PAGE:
UVA Health study shows stem cell transplants often prevent relapsing in common childhood cancers

Study out of UVA Health shows stem cell transplants prevent relapsing in common childhood cancers

CHARLOTTESVILLE, Va. (WVIR) - A new study out of University of Virginia Health is giving hope to children with cancer, many of whom tend to relapse.

Researchers at UVA Health found that children and young adults in remission who receive CAR T-cell therapy and a subsequent stem cell transplant are not as prone to relapsing. The Journal of Clinical Oncology published the findings.

“That’s what gives these kids the best possible outcome and it’s miles better than what it used to be,” UVA award-winning clinical researcher Dr. Trey Lee said. “This is just the beginning of immunotherapy for pediatric cancer, it’s going to reach broadly.”

Dr. Lee says, with this one-two punch treatment, leukemia and lymphoma survivors have even better chances of staying cancer-free for years to come.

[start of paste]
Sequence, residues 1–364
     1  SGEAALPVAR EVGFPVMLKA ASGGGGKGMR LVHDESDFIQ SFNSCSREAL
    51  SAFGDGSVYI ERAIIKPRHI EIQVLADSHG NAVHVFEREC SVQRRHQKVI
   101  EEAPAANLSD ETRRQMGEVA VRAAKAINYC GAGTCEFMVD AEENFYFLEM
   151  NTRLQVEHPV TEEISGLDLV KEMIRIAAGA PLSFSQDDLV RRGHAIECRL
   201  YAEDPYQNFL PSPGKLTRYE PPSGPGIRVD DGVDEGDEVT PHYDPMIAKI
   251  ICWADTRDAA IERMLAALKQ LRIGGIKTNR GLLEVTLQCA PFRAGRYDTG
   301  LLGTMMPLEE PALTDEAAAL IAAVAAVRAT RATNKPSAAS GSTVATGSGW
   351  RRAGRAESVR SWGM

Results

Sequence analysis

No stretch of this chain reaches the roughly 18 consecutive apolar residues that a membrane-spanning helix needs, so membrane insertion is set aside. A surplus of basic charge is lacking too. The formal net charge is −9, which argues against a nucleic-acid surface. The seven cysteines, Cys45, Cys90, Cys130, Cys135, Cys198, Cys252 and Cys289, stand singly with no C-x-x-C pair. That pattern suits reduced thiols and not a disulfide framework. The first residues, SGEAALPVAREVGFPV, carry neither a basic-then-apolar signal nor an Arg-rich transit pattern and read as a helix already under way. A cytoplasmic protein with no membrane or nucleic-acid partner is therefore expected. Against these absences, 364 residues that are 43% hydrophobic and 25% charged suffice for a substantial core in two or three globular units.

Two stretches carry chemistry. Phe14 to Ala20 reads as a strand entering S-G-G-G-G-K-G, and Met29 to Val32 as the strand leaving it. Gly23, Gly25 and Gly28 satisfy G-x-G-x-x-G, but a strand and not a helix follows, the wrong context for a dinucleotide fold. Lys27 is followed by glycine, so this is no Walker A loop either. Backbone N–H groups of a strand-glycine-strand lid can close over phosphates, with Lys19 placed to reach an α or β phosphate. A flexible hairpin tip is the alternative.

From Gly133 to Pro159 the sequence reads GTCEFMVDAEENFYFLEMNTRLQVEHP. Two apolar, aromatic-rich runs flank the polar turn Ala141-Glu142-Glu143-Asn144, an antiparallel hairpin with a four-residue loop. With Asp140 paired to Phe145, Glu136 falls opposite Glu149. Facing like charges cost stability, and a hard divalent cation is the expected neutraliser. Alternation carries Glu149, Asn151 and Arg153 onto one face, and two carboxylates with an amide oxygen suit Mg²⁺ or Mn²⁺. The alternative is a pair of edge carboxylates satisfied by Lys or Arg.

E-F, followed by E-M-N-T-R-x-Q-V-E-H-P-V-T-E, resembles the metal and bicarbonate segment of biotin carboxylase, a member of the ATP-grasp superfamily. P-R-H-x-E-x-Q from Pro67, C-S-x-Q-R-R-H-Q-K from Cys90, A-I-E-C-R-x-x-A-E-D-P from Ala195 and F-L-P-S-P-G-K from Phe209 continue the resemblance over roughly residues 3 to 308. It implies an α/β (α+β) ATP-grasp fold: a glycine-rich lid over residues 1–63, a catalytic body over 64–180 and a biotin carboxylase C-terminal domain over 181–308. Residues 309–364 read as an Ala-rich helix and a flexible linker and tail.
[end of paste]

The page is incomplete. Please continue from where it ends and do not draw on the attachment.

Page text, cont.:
Among the 21 who received an allogenic stem cell transplant after CARs, only two had relapsed 24 months later. In comparison, all of those who did not receive a stem-cell transplant had relapsed.

“This CAR T-cell therapy is so well tolerated that most of the kids afterwards they feel a lot better than they ever have for a long time because they’ve just been beaten down with chemo for so long,” Dr. Lee said. “They’re out there graduating from high school, from college, and living their dreams.”

Dr. Lee says he is looking to do more research and see if he can expand this treatment to other types of tumors and cancers moving forward.

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